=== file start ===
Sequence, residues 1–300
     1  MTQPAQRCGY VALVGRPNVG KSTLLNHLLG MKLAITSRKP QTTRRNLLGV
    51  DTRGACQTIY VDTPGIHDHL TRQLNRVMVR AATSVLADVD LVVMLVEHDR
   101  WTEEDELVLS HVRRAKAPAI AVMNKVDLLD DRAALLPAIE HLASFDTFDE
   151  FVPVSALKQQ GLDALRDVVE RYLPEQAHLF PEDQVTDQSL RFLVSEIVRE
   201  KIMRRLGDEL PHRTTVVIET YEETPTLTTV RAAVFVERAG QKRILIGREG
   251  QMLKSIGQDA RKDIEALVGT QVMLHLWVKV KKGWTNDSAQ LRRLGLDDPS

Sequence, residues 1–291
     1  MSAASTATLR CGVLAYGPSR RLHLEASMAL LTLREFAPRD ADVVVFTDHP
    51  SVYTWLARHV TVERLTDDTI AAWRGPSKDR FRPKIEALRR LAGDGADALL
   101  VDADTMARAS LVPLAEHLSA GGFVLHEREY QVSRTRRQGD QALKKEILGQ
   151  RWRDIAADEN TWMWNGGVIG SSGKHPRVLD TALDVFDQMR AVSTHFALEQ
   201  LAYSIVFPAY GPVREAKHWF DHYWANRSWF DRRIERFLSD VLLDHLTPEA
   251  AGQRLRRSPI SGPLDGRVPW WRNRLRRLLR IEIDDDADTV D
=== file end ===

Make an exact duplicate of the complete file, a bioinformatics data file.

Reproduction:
Sequence, residues 1–300
     1  MTQPAQRCGY VALVGRPNVG KSTLLNHLLG MKLAITSRKP QTTRRNLLGV
    51  DTRGACQTIY VDTPGIHDHL TRQLNRVMVR AATSVLADVD LVVMLVEHDR
   101  WTEEDELVLS HVRRAKAPAI AVMNKVDLLD DRAALLPAIE HLASFDTFDE
   151  FVPVSALKQQ GLDALRDVVE RYLPEQAHLF PEDQVTDQSL RFLVSEIVRE
   201  KIMRRLGDEL PHRTTVVIET YEETPTLTTV RAAVFVERAG QKRILIGREG
   251  QMLKSIGQDA RKDIEALVGT QVMLHLWVKV KKGWTNDSAQ LRRLGLDDPS

Sequence, residues 1–291
     1  MSAASTATLR CGVLAYGPSR RLHLEASMAL LTLREFAPRD ADVVVFTDHP
    51  SVYTWLARHV TVERLTDDTI AAWRGPSKDR FRPKIEALRR LAGDGADALL
   101  VDADTMARAS LVPLAEHLSA GGFVLHEREY QVSRTRRQGD QALKKEILGQ
   151  RWRDIAADEN TWMWNGGVIG SSGKHPRVLD TALDVFDQMR AVSTHFALEQ
   201  LAYSIVFPAY GPVREAKHWF DHYWANRSWF DRRIERFLSD VLLDHLTPEA
   251  AGQRLRRSPI SGPLDGRVPW WRNRLRRLLR IEIDDDADTV D